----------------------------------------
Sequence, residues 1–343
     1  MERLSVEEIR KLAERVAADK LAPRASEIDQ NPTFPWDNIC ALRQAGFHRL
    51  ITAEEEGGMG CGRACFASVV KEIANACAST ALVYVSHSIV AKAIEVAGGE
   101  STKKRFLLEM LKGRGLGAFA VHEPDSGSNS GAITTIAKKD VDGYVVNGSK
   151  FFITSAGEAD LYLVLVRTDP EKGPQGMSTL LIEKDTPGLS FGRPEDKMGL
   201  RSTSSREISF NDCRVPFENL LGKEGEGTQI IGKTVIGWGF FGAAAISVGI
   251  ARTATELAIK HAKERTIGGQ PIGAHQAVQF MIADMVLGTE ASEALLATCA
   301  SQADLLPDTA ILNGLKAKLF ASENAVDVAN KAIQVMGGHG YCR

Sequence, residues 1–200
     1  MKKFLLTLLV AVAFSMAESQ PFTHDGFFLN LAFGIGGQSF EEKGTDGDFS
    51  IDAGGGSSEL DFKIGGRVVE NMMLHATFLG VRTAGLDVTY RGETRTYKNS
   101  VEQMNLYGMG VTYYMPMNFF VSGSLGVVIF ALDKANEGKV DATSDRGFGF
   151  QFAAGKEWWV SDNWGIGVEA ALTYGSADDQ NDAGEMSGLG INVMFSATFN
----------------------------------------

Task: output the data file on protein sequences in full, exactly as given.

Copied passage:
Sequence, residues 1–343
     1  MERLSVEEIR KLAERVAADK LAPRASEIDQ NPTFPWDNIC ALRQAGFHRL
    51  ITAEEEGGMG CGRACFASVV KEIANACAST ALVYVSHSIV AKAIEVAGGE
   101  STKKRFLLEM LKGRGLGAFA VHEPDSGSNS GAITTIAKKD VDGYVVNGSK
   151  FFITSAGEAD LYLVLVRTDP EKGPQGMSTL LIEKDTPGLS FGRPEDKMGL
   201  RSTSSREISF NDCRVPFENL LGKEGEGTQI IGKTVIGWGF FGAAAISVGI
   251  ARTATELAIK HAKERTIGGQ PIGAHQAVQF MIADMVLGTE ASEALLATCA
   301  SQADLLPDTA ILNGLKAKLF ASENAVDVAN KAIQVMGGHG YCR

Sequence, residues 1–200
     1  MKKFLLTLLV AVAFSMAESQ PFTHDGFFLN LAFGIGGQSF EEKGTDGDFS
    51  IDAGGGSSEL DFKIGGRVVE NMMLHATFLG VRTAGLDVTY RGETRTYKNS
   101  VEQMNLYGMG VTYYMPMNFF VSGSLGVVIF ALDKANEGKV DATSDRGFGF
   151  QFAAGKEWWV SDNWGIGVEA ALTYGSADDQ NDAGEMSGLG INVMFSATFN